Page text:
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What Are Words For?

Last night Madeleine was looking out the window into our neighbor’s yard.

“Mom, the Smiths have three grills. Why do you think they have three grills?”

“I don’t know,” I said. I was messing around with my cell phone trying to figure out how to turn off the vibrating-alert feature and get it to go back to plain old ringing.

“Three girls?” Linnea asked her sister, “What do you mean?”

“I don’t know why they have three of them. What do you do with three of them?”

“Maybe one’s kosher, the other nonkosher and the third—oh, I don’t know . . .”

“Atheist,” Madeleine finished.

“Right,” I said.

“Wait, that’s not right. They don’t have three of them,” Linnea said impatiently.

“Yes, they do,” I said, “Maddy’s right. I saw them.”

“Well, I thought they had two sons and a daughter,” Linnea said.

“So? They do.” Madeleine asked, irritated the way only older sisters can be. “But what does that have to do with anything?”

“Well,” Linnea said, defensive the way only younger sisters can be, “then they don’t have three daughters if they’ve only got one daughter.”

I looked up to see Madeleine look at Linnea as if she couldn’t believe they shared the same gene pools.

“Yes. And your point?”

Linnea sighed, stood her ground, “Then why did you said that the Smiths have three girls if they only have two sons and a daughter?”

“I didn’t say they have three girls!” Madeleine exclaimed. “I said they have three grills!”

“They do?” Linnea asked, “What do they need with three grills?”

At that point the vibrating-alert feature on my cell phone started vibrating and I picked up the call.

But nobody was there.

At least, I didn’t think anybody was there.

But then I heard a voice saying “O? O? Issss O air?”

“Hello?” I said, “It’s Jo.”

“Hello. I’m looking for Jo?”

“Yes,” I said, “It’s me. Jo.”

There was silence. Maybe I’d said the wrong thing.

“Jo? Is that you?”

I started walking toward the living room. Linnea and Madeleine were still talking—loudly—about the Smith’s three grills.

“Yes,” I said, “Can you hear me now?”

“I’m getting you in the middle of something? You want to call me later?”

“No,” I said, “I’m not in the middle of anything. The girls are talking about our neighbor’s grills . . .”

“You’re putting caulking on the sills?”

“No. No. The girls are talking. It’s nothing.”

There are lots of quotes about failures to communicate.

In fact, “What we have here is a failure to communicate” is probably the best one.

I’ve also always liked the T-shirt that said, “My wife says I never listen to her. At least, I think that’s what she says.”

And then there’s that classic line from the Richard Thompson song, “When I thought she was saying good luck, she was saying good-bye.”

If you think about it long enough, it’s pretty amazing that we ever really understand each other at all. Because there are lots of failures to communicate.

Such as last week when, before going away for a few days to write, I called my editor and left a message on his machine telling him I wouldn’t be writing the column that week because I was going away to write.

Then, when I got back into town—a day past my deadline—my editor called.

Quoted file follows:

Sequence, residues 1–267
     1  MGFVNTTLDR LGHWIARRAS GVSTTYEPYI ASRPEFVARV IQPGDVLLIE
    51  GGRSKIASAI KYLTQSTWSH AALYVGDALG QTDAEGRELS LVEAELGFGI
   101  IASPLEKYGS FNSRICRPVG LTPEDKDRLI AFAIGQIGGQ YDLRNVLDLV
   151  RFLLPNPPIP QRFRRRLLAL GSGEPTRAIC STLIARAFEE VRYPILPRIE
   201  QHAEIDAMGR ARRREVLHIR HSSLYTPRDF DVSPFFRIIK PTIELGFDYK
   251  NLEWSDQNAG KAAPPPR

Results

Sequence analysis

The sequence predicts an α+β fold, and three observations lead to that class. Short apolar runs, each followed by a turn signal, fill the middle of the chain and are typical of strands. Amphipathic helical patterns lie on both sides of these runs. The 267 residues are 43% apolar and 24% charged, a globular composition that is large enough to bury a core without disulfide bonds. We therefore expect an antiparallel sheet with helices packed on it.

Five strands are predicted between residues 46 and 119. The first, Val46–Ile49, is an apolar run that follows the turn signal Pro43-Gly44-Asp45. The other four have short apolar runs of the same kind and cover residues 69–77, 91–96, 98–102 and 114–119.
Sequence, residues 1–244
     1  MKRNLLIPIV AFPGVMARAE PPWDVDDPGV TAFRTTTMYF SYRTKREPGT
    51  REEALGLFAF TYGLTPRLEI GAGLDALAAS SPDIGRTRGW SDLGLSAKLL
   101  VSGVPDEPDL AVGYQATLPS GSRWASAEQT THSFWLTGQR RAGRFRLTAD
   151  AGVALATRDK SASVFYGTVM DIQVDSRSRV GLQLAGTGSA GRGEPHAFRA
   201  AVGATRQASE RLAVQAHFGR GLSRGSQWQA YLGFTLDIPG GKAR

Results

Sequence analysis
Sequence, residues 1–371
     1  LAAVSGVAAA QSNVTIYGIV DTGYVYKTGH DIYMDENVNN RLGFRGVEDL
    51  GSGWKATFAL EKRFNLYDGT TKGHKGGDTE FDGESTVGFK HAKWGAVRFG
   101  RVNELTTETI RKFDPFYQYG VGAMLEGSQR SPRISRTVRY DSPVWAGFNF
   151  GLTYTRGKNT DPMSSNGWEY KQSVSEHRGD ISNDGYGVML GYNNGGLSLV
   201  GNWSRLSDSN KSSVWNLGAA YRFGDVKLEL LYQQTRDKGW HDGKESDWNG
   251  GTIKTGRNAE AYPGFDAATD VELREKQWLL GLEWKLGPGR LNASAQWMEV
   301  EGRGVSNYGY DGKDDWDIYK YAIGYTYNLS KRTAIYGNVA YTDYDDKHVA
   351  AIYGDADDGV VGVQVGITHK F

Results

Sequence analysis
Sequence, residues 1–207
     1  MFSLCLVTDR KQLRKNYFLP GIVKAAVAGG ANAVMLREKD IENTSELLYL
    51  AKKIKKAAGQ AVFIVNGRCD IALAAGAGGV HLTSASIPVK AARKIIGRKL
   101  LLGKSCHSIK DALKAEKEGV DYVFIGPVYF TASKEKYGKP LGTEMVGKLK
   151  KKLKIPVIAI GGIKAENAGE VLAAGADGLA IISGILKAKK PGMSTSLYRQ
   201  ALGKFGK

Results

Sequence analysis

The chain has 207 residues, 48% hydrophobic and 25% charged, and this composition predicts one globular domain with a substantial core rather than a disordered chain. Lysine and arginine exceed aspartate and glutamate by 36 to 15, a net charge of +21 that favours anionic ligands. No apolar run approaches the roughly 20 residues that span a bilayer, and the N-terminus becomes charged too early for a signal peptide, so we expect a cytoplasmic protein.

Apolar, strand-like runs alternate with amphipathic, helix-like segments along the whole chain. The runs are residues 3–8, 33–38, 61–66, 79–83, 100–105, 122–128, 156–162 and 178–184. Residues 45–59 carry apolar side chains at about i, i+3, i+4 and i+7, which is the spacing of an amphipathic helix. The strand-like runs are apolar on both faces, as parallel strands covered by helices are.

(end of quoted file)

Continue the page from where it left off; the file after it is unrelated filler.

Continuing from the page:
“Well. Jo?” he said.

“Oh, Steve, hi,” I said, “I bet you think I forgot all about your stove.”

I’m buying my editor’s old stove.

“The stove? No! The column. Where is it?”

“The column?” I said, “What column? Didn’t you get my message?”

“What message?”

“The one I left you Tuesday night to say I wouldn’t be writing the column this week.”

Only, as it happened, the voice mail at Metroland’s offices malfunctioned on that Tuesday night and nobody’s messages got through.

What we had was a failure to communicate.

Those five nights I was away, writing, I had no cell-phone service. I hadn’t planned on that. My cell phone usually sits by my right hand like some kind of demigod, poised to summon or be summoned with the press of a button.

Being without my cell phone was not the end of the world. I had a landline. I had a calling card for outgoing calls—no one had the number to make any incoming ones.

And it was kind of exotic not to be able to use the cell phone. It meant that when I made the 10-mile run to the nearest grocery store for a box of Alpen, some double-A batteries and Q-tips, I couldn’t narrate every twist and turn of the road to any poor fool who loved me enough to listen.

It meant I had to sit down when I did make a call since the phone was attached by a cord to a box that was attached by another cord to a jack in the wall. Fancy that, having to sit still on the phone!

Maybe most significantly it meant that when I was writing, I was writing. I even spent a couple of days lying on my belly in a field in the sunshine, hand-editing an old manuscript, my laptop back in the cottage, my cell phone packed away.

Of course, now that I’m back in town, my cell phone is back at my right hand, my earpiece snagging in the buttons on my sweater, my vibrating-alert option making a ruckus against the car keys in my pocketbook. It may be my editor calling to ask about the column. Or the stove. Or even one of my neighbor’s grills.

—Jo Page

 You can contact Jo Page at jopage@graceniska.org.


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